Wyoming Monument

Northeastern Pennsylvania’s Wyoming Valley was a focus of British military strategy during the American Revolution because its three thousand residents constituted the largest population center on the Susquehanna River. The British believed that by eliminating this stronghold of American patriotism they could dominate the frontier. Major John Butler organized a force of two hundred and...
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Bookshelf

The Place I Call Home: How Abolition and the Underground Railroad Shaped the Communities of Northeastern Pennsylvania by Sherman F. Wooden published by the Center for Anti-Slavery Studies, 2009; 289 pages, paper, $16.95 Established in 1996, the Center for Anti-Slavery Studies (CASS) in Montrose, Susquehanna County, researches, documents, and preserves the history of abolitionism and the...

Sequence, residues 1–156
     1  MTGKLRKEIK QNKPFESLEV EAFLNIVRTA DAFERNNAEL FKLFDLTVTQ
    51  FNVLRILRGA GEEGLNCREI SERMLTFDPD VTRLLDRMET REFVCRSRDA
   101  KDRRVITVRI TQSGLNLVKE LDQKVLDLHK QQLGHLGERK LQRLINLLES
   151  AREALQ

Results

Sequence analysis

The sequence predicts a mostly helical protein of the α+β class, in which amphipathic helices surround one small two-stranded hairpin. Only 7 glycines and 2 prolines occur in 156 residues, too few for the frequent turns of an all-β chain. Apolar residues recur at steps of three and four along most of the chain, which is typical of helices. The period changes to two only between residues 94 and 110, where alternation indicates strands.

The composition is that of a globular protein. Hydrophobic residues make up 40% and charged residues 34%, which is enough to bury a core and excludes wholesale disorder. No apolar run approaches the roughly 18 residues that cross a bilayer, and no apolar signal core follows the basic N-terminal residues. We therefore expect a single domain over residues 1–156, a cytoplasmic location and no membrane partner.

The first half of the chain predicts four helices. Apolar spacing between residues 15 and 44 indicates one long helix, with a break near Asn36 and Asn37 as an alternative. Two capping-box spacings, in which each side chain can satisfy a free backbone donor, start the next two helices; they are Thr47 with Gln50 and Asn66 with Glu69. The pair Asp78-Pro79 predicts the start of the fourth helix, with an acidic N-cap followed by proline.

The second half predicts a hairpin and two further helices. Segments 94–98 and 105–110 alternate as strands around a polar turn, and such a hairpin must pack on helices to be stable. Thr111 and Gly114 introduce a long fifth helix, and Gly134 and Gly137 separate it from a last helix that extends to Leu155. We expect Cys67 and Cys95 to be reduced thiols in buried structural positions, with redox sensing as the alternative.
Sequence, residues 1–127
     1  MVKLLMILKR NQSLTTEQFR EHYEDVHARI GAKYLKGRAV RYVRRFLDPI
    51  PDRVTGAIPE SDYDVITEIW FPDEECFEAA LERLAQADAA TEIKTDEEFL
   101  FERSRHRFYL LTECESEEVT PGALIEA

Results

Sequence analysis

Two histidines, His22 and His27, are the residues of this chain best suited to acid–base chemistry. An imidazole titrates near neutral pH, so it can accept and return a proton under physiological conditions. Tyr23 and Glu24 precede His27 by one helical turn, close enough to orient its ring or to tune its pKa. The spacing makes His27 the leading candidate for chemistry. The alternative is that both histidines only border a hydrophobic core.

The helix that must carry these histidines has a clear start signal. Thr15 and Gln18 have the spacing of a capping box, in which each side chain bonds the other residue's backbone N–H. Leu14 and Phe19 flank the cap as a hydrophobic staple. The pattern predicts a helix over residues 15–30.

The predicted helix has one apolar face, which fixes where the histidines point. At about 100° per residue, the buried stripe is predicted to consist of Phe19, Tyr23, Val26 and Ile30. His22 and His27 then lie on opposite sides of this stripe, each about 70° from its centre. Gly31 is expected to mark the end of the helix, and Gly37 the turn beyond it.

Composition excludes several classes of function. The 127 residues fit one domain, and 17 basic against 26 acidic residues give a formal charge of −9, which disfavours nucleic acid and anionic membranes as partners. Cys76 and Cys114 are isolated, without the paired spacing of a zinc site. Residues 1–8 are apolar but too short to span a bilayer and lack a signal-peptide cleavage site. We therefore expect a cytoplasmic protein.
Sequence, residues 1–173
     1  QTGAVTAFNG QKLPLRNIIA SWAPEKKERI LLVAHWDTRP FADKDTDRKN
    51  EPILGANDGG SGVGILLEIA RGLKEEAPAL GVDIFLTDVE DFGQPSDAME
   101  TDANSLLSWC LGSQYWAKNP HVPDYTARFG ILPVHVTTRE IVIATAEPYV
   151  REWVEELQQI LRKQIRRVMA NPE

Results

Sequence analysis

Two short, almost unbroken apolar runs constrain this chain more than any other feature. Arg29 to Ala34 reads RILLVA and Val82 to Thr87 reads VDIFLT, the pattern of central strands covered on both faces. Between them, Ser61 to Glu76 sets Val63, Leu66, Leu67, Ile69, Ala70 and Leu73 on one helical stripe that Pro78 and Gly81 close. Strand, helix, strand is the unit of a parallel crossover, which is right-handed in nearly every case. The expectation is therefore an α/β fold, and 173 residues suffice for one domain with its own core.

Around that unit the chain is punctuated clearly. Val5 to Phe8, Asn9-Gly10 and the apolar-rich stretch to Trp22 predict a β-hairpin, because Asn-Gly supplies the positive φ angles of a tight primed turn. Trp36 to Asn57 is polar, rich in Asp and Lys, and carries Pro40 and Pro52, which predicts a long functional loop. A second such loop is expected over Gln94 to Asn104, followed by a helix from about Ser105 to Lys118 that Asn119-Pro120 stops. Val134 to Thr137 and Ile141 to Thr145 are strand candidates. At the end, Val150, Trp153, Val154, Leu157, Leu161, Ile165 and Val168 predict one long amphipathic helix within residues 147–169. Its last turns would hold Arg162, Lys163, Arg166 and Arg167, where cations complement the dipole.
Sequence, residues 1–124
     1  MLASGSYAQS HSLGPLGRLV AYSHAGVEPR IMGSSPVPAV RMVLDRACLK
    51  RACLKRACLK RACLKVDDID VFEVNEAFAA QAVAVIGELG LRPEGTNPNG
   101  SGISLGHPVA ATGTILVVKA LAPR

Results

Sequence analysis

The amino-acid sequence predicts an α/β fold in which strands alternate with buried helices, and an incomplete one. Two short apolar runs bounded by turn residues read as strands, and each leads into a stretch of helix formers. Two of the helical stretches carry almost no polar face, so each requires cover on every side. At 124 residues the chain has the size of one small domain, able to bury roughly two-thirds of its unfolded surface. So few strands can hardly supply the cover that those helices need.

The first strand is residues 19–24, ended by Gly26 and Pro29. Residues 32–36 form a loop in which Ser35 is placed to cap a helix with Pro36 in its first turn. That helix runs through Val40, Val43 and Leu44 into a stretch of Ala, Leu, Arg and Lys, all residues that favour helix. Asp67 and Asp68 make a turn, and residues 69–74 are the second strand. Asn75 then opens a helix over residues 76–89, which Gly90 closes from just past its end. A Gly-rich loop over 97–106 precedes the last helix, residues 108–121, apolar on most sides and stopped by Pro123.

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Saving Documents Today for Future Generations

For three years, from 2008 through part of 2011, the archival staff of the Pennsylvania State Archives in Harrisburg, administered by the Pennsylvania Historical and Museum Commission (PHMC), has been involved in an initiative to improve the management of the Commonwealth’s historical records maintained by its sixty-seven county governments. Known as the Itinerant Archivist Project, the program...
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